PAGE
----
Respiratory Tract Infection
Advanced diagnostic platforms to identify viruses can help patients with severe lower respiratory tract infections avoid unnecessary diagnostic testing, reduce antibiotic use, and initiate antiviral therapy.
Nasopharyngeal detection and increased abundance of Lactobacillus during acute respiratory infection with respiratory syncytial virus was associated with a lower risk for childhood wheezing illnesses.
Nebulized hypertonic saline may decrease length of hospital stay and improve clinical severity scores in infants with acute bronchiolitis.
Respiratory viruses were identified in 55% of febrile infants; those older than 28 days had a lower risk of bacterial infection when they tested positive for a respiratory virus.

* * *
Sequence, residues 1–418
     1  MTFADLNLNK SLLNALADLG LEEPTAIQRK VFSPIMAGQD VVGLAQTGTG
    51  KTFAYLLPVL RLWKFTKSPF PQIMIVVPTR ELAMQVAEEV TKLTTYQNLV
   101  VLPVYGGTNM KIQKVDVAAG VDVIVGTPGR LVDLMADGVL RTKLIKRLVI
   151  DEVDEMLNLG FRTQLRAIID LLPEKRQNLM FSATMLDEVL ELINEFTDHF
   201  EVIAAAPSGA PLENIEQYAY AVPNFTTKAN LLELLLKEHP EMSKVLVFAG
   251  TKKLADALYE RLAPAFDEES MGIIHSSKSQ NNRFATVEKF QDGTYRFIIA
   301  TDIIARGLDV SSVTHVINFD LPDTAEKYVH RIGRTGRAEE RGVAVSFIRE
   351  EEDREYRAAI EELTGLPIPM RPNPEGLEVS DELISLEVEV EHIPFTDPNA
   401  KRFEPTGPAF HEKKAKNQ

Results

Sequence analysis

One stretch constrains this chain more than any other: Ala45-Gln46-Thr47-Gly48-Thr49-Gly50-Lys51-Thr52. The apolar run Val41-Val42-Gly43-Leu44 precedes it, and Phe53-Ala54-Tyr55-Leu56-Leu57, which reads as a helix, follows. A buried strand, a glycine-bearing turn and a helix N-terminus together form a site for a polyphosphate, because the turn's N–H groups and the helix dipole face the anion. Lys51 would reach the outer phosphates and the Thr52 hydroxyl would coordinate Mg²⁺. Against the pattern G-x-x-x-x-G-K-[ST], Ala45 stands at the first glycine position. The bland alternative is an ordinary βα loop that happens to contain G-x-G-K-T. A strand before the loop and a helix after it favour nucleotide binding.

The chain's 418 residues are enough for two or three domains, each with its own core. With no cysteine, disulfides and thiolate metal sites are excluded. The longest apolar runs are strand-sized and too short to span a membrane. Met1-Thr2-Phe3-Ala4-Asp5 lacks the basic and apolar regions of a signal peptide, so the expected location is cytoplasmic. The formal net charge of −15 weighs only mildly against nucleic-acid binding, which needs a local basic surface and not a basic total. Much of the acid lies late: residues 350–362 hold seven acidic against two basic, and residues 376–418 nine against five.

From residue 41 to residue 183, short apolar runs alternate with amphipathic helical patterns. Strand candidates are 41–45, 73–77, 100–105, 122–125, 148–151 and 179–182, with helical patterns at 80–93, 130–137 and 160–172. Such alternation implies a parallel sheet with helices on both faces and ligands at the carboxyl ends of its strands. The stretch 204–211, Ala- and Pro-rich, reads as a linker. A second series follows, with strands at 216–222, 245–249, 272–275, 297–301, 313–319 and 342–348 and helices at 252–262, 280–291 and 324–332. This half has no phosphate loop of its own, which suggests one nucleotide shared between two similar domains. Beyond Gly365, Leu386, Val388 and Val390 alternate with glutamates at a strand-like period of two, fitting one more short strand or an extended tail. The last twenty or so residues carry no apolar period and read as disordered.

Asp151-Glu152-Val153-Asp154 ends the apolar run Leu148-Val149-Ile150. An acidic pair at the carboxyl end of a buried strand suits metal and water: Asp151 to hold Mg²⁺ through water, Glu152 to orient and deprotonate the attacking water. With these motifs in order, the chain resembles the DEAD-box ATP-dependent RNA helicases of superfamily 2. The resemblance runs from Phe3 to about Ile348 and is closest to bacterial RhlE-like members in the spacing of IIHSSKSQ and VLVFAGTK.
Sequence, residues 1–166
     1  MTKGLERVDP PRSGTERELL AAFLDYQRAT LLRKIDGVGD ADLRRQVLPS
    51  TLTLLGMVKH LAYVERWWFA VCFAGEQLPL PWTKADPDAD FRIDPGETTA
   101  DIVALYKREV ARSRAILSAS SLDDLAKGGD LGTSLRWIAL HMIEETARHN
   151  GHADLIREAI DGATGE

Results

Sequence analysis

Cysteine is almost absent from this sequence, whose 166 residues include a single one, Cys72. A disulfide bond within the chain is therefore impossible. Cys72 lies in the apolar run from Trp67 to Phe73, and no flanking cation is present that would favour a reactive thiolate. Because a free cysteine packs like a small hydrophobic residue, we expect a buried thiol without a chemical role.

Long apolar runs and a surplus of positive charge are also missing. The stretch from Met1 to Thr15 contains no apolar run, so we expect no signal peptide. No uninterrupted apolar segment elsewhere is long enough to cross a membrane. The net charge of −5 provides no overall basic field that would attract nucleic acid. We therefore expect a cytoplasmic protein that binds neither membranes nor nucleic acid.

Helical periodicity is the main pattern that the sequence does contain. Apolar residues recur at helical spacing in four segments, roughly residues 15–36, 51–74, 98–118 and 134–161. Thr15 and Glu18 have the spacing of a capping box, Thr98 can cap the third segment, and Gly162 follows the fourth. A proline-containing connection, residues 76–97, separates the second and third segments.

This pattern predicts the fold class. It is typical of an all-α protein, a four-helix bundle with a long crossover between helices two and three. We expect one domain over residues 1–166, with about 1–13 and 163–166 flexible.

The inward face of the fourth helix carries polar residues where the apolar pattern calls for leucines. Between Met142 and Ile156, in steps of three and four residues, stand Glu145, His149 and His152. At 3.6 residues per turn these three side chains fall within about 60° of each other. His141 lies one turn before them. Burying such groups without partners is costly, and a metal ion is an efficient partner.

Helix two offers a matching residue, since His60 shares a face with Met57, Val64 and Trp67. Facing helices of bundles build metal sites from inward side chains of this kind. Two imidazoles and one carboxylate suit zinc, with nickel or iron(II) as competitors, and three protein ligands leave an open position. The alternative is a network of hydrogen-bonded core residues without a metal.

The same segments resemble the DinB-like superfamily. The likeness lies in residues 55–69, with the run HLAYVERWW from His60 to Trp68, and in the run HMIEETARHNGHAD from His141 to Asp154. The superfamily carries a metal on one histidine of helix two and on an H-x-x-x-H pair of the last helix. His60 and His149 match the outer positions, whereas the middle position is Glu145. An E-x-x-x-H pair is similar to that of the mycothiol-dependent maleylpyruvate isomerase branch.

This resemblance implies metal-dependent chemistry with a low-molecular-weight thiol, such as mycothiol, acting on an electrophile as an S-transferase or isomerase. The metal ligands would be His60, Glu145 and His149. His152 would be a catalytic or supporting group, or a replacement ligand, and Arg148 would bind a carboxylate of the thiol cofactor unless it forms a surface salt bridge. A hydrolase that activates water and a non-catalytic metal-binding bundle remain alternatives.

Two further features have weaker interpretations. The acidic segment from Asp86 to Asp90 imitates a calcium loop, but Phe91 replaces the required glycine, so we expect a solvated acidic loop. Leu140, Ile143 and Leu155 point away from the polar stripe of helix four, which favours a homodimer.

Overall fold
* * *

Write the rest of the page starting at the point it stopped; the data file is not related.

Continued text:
For febrile infants, human rhinovirus is common, and detection does not alter risk of concomitant urinary tract infection or invasive bacterial infection.
A gas-capillary column ion mobility spectrometer may be a feasible and noninvasive tool for clinicians to diagnose respiratory tract infections in hospitalized patients.